Consumers confused by green claims

18 November 2014

MARIETTA, GA: Consumers are confused by many of the green claims made on product packaging, especially those which are technical, generic or simply involve a logo with no context, a study has found.

For its Claiming Green report, UL Environment, a business offering certification, validation and testing services, surveyed 1,017 consumers in the US and Canada, and generated almost 42,000 head-to-head comparisons of green product claims in the DIY, electronics, personal care and cleaning categories.

The claims were divided into three types – certified claims, legitimate claims and problematic claims – depending on how well they met the Federal Trade Commission's Green Guides.

Certified claims performed best across all product categories, being chosen 54% of the time when put through a head-to-head comparison with problematic claims, which were chosen 24% of the time.

When legitimate claims were matched with problematic claims, they came out ahead, but by a narrower margin, being chosen 39% of the time to problematic's 35%. And in two categories – DIY and personal care – problematic claims were even chosen ahead of legitimate claims.

Respondents were also asked if they would pay up to 10% more for a product with third-party certifications, a question which produced a 58:42 split in favour of this proposal.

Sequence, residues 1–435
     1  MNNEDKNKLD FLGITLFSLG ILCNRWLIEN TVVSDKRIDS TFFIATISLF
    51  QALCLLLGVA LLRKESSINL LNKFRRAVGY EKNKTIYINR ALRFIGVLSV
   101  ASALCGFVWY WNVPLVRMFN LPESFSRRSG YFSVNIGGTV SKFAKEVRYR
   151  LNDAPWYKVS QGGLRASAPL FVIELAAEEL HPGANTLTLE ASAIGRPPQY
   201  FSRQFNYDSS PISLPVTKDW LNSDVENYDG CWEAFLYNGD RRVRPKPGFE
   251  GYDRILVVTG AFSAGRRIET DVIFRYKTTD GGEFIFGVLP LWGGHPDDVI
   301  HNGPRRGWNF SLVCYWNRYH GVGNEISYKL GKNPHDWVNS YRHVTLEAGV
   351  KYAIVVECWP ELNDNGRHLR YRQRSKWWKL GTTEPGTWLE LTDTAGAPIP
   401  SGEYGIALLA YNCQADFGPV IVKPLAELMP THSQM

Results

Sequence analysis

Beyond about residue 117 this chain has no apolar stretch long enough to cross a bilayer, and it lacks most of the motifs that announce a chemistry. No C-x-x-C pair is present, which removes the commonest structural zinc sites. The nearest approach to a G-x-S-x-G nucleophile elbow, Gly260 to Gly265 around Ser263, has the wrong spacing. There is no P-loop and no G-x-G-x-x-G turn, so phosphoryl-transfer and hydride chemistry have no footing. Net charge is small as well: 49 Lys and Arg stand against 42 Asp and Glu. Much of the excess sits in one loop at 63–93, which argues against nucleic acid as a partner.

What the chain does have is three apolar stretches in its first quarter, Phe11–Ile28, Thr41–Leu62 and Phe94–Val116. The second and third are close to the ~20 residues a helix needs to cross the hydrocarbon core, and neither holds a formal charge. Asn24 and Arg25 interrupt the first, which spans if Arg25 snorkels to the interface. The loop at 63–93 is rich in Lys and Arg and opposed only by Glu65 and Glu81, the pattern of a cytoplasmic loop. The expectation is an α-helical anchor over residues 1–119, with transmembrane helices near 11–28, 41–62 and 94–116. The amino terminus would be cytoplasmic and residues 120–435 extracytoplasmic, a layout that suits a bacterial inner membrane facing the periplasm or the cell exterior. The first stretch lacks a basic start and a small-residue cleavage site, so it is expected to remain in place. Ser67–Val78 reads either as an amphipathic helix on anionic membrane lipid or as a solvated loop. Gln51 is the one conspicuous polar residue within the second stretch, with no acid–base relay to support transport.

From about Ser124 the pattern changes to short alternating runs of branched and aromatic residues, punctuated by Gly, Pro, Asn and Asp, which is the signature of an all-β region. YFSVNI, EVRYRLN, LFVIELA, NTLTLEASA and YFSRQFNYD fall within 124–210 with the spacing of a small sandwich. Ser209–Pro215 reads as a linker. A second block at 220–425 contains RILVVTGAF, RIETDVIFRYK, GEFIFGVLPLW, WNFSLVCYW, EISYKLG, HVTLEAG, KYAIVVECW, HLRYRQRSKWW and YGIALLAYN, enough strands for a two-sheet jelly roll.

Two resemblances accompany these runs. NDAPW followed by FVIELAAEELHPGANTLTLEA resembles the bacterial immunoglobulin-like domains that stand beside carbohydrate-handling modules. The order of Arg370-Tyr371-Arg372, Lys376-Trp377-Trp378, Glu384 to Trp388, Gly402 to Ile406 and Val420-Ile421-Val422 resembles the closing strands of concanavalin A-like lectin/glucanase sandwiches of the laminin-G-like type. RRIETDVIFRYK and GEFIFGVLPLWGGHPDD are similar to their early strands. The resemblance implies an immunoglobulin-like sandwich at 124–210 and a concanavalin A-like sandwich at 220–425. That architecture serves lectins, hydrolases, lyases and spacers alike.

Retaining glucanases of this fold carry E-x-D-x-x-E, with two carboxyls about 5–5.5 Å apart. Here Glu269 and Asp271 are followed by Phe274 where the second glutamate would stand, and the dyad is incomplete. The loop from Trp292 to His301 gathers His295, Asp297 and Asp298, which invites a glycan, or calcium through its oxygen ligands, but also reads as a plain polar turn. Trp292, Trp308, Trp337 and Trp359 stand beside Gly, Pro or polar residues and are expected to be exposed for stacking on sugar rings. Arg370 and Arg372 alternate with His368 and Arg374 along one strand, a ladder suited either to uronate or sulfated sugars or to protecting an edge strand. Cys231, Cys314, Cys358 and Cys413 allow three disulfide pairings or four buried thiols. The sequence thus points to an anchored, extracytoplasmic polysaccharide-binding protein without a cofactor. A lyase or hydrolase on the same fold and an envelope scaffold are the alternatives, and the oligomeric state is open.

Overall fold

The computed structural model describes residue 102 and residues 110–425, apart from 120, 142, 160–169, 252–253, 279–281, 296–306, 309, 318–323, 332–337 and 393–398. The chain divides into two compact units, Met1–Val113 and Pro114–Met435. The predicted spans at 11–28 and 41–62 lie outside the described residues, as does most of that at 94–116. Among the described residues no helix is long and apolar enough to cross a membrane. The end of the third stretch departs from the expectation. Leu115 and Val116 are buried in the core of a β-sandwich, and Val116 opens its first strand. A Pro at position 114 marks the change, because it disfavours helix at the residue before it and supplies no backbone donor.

Drilling down further, respondents then viewed a list of potential claims in different categories and chose the ones they'd be willing to meet a 10% premium for. At this point, 70% chose at least one certified claim, while 59% chose at least one problematic claim and only 44% chose at least one legitimate claim.

This demonstrated, said UL Environment, that "consumers assign real value to third-party certifications", and products carrying these marks were "likely increasing the perceived value" of their offering.

But how that matter is presented remains an issue: a logo with the certifying body's name and no explanation of what it meant were poorly received, for instance. Consumers also reacted negatively to claims with overly technical or generic language.

"As purchasers become more sophisticated about product claims, successfully communicating green claims is more important than ever to a company's brand and reputation," said Lisa Meier, UL Environment's vice president and general manager.

Data sourced from PR Newswire, UL Environment; additional content by Warc staff